Quetiapine for Cocaine Use and Cravings
|ClinicalTrials.gov Identifier: NCT00232336|
Recruitment Status : Completed
First Posted : October 4, 2005
Last Update Posted : July 30, 2008
|Condition or disease||Intervention/treatment||Phase|
|Cocaine-Related Disorders Substance-Related Disorders||Drug: quetiapine||Phase 4|
Dopaminergic and serotonergic neurotransmitter systems are involved in cocaine use and cravings. Atypical antipsychotics act on these neurotransmitter systems, and therefore, may be beneficial in the treatment of cocaine addiction. This open label study assessed the efficacy of quetiapine for the treatment of cocaine use and craving in non-psychotic, cocaine dependent participants over 6 weeks of treatment. The primary outcome measures included self-report of cocaine use and self-report of cocaine cravings. This study also evaluated whether the severity of addiction predicts quetiapine efficacy.
Males and females, ages 18 - 65, with a DSM IV diagnosis of cocaine dependence were recruited for an open label trial of quetiapine dosed at 300-600 mg/day, with a target dose of 600 mg/day. Subjects were followed at weekly study visits to monitor general psychiatric and physical status, medication compliance, efficacy, and adverse events. Study participation included psychiatric and medical examinations, an electrocardiogram, an eye exam, laboratory tests, urine drug screens, electrocardiograms, and psychiatric and substance abuse interviews.
Twenty-three males were initiated on quetiapine treatment, the following results include the first twenty-two study completers. Twenty-two males (36-56 years) diagnosed with cocaine dependence without a psychotic disorder, were initiated on a six-week, open-label trial of quetiapine, 300-600 mg/day (QHS). Five participants discontinued prior to completing the first week of treatment, and 14 of 22 subjects completed the study. The mean dose of quetiapine was 429 mg/day. An intent-to-treat analysis found a significant decrease in cravings on the Brief Substance Craving Scale after six weeks (p < 0.01, Cohen's d = 1.23; repeated measures mixed effects random regression). Cocaine use, addiction severity, and psychopathology also decreased numerically, but not statistically, from baseline to end of study. Adverse effects were generally mild. Addiction severity did not predict quetiapine efficacy. Four subjects withdrew due to sedation; 2 were discontinued by the investigators, and 2 were lost to follow up. Study completers experienced a statistically significant mean weight gain of approximately 4.60 (95% CI, -6.05 - 3.17 kg)(mean baseline weight 86.9 (SD 18.38) kg).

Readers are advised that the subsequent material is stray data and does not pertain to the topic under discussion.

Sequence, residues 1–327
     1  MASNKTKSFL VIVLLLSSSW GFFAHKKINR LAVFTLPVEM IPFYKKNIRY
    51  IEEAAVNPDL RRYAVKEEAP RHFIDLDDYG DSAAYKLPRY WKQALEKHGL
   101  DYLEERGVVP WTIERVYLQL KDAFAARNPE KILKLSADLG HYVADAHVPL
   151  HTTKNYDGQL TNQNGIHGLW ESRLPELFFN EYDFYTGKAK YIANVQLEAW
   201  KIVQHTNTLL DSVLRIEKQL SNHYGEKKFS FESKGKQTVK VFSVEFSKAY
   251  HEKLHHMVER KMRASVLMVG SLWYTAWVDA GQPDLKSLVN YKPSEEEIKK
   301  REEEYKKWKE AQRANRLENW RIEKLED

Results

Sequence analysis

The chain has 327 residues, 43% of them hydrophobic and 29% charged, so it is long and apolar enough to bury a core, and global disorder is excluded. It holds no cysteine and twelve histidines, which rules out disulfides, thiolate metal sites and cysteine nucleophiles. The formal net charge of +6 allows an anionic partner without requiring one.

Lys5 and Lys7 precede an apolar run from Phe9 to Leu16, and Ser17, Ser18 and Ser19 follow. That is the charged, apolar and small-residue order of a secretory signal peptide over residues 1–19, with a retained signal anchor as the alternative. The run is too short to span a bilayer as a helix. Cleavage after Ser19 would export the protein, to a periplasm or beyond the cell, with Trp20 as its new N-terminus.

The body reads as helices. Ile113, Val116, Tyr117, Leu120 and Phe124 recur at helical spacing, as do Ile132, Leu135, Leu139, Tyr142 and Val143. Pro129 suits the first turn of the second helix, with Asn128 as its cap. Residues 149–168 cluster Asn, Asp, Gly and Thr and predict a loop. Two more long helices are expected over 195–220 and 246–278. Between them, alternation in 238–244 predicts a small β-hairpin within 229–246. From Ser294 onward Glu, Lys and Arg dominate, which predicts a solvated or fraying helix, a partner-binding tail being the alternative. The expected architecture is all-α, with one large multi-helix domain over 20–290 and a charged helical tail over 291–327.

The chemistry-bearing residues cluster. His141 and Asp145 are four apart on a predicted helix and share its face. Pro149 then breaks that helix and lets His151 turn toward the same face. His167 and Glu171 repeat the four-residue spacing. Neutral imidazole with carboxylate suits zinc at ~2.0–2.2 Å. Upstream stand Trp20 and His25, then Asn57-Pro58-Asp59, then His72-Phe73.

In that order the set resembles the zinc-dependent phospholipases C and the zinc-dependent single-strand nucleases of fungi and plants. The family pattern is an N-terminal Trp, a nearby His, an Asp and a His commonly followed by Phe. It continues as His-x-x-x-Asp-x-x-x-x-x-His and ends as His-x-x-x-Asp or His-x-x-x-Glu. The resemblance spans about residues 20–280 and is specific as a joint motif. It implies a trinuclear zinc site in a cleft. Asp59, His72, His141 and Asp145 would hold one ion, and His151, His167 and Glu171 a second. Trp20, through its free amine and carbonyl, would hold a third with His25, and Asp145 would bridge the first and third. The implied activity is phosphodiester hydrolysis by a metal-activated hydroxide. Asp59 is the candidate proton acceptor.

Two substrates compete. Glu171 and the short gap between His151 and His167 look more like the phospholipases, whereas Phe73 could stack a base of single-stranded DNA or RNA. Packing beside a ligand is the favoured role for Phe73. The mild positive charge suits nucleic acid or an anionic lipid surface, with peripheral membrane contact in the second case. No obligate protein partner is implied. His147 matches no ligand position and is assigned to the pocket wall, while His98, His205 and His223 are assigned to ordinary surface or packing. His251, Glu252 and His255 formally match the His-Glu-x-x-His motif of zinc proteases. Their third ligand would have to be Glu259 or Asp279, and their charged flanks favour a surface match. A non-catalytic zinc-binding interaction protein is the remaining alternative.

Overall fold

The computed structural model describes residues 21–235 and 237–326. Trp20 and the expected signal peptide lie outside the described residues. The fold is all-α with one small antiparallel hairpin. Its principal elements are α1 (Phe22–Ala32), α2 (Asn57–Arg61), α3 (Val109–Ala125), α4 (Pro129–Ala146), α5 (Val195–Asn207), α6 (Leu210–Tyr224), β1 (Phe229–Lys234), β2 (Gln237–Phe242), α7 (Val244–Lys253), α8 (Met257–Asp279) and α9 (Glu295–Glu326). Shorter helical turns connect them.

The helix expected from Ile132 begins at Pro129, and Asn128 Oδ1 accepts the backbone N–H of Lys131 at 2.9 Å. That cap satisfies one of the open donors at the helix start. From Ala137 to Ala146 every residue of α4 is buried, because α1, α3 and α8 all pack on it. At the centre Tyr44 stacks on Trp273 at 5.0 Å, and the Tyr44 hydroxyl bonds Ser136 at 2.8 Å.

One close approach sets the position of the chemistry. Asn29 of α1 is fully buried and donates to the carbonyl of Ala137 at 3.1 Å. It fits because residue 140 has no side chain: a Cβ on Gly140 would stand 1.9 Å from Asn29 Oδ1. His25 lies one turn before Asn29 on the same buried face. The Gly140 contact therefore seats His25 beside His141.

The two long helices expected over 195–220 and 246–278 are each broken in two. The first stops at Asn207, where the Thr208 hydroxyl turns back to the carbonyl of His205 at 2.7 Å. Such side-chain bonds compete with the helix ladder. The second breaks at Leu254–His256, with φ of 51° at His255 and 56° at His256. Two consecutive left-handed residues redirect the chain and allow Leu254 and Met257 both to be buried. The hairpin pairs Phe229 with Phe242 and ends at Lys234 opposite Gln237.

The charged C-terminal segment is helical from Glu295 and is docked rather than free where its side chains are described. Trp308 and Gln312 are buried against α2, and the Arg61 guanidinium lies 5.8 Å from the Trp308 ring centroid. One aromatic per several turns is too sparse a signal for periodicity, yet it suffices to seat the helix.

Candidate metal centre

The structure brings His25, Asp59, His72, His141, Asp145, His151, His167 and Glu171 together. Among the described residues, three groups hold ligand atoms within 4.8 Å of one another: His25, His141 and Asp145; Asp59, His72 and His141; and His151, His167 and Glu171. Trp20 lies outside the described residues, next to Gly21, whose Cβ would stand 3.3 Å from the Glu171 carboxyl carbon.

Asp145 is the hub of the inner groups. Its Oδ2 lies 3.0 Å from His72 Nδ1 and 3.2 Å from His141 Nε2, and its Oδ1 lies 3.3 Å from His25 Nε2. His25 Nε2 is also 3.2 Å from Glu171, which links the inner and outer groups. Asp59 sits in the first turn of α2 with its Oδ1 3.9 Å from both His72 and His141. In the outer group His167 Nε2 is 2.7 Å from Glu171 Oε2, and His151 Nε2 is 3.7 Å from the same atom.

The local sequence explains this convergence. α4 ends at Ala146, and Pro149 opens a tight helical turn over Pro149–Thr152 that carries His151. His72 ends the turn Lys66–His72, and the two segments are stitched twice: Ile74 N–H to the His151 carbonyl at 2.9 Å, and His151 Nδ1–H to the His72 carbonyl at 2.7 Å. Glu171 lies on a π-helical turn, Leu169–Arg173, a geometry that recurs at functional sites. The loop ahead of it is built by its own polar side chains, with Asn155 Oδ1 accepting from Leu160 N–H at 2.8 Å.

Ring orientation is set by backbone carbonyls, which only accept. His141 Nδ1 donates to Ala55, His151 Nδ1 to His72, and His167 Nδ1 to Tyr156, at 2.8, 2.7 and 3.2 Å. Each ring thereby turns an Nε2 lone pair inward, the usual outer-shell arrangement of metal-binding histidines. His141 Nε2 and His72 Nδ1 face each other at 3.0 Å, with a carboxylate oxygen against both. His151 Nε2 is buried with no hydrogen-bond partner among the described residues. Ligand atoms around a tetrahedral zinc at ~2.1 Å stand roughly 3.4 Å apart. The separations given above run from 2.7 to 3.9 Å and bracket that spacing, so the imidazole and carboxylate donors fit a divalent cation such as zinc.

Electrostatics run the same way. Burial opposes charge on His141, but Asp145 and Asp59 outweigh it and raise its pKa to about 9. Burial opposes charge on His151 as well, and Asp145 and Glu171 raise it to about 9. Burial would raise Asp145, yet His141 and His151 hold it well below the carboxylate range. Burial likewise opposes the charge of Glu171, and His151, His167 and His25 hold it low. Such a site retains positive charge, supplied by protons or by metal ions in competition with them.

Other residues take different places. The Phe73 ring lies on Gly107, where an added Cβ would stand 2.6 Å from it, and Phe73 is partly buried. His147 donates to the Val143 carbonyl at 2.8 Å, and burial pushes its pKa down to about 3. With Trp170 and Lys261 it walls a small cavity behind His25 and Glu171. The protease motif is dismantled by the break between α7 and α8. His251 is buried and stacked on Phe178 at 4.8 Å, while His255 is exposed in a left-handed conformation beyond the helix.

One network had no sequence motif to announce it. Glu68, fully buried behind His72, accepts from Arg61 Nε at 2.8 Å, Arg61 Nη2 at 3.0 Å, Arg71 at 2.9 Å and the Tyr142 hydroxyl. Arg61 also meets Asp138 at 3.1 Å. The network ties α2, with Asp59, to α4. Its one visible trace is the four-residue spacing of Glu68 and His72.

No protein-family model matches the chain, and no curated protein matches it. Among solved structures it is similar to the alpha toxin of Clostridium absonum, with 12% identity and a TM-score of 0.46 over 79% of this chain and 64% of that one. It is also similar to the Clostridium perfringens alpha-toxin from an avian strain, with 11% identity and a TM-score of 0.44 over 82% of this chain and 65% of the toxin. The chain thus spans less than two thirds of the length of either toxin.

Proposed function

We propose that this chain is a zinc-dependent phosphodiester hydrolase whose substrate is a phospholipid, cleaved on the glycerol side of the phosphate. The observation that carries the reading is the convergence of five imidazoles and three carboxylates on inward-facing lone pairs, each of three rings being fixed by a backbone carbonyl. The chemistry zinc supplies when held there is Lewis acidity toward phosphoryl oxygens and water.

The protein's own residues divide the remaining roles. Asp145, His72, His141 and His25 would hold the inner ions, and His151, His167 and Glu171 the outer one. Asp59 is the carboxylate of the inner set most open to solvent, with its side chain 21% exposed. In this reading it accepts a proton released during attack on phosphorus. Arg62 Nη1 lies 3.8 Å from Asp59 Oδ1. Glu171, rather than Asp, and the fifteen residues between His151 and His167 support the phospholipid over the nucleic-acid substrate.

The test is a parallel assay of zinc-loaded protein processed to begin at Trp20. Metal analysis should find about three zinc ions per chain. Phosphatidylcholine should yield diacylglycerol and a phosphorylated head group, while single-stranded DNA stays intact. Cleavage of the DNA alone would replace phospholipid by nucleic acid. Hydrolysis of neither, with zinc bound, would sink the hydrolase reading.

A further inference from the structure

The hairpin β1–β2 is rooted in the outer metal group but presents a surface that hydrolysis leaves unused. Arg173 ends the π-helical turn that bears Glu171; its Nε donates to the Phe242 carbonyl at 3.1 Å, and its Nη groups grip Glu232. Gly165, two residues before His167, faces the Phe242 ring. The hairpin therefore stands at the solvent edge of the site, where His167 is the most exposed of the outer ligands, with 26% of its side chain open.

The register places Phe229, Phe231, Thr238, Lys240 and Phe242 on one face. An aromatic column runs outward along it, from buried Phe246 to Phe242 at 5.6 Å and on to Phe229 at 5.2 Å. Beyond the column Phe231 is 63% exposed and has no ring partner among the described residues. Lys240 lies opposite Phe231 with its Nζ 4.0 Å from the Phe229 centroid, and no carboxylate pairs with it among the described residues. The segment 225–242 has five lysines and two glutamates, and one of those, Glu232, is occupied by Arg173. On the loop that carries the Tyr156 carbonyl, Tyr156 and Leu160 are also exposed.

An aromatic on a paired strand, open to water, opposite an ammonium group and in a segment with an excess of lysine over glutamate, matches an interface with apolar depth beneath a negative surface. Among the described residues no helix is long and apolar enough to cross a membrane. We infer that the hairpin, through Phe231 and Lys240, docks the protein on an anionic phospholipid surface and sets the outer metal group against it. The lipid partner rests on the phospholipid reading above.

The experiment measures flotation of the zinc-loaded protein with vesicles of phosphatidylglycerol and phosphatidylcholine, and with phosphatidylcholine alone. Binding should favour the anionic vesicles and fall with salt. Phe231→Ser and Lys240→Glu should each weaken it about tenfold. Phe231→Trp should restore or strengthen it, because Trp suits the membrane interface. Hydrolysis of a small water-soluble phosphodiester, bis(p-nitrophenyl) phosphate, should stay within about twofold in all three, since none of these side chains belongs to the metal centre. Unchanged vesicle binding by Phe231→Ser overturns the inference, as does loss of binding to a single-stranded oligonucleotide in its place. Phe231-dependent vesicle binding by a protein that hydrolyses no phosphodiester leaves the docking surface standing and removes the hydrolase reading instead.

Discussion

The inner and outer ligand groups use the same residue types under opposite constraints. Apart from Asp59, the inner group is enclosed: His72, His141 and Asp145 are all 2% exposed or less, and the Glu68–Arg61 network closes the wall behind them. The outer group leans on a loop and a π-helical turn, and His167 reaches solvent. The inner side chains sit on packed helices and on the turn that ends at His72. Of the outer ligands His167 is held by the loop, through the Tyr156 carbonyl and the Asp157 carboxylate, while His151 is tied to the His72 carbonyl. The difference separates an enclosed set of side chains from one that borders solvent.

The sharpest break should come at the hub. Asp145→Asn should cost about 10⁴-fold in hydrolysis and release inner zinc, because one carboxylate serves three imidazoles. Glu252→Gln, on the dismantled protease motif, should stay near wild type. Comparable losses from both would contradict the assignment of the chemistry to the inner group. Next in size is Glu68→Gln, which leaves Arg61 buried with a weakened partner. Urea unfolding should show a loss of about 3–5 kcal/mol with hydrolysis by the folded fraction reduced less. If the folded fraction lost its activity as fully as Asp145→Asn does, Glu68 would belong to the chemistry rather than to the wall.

Quetiapine treatment appears to have improved cocaine dependence, specifically cocaine cravings, in non-psychotic individuals. The observed weight change may reflect both weight gain associated with cocaine dependence and medication side effect. Controlled research is warranted to better define the potential role for quetiapine in the treatment of cocaine dependence.
|Study Type :||Interventional (Clinical Trial)|
|Actual Enrollment :||42 participants|
|Intervention Model:||Single Group Assignment|
|Masking:||None (Open Label)|
|Official Title:||Efficacy of Quetiapine in the Reduction of Cocaine Use and Cravings in Individuals With Cocaine Dependence|
|Study Start Date :||October 2003|
|Actual Study Completion Date :||January 2006|
- score on a self-report measure of cocaine use at 6 weeks [ Time Frame: after 6 weeks treatment ]
- score on a self-report measure of cocaine cravings at 6 wks [ Time Frame: after 6 weeks treatment ]
- results from urine drug screens across 6 weeks [ Time Frame: weekly ]
- addiction severity [ Time Frame: after 6 weeks treatment ]
Please refer to this study by its ClinicalTrials.gov identifier (NCT number): NCT00232336
|United States, Washington|
|VA Puget Sound Health Care System, American Lake Division|
|Tacoma, Washington, United States, 98493|
|Principal Investigator:||Andre Tapp, M.D.||VA Puget Sound Health Care System, Tacoma and Seattle, WA and University of Washington, Department of Psychiatry and Behavioral Sciences, Seattle, WA|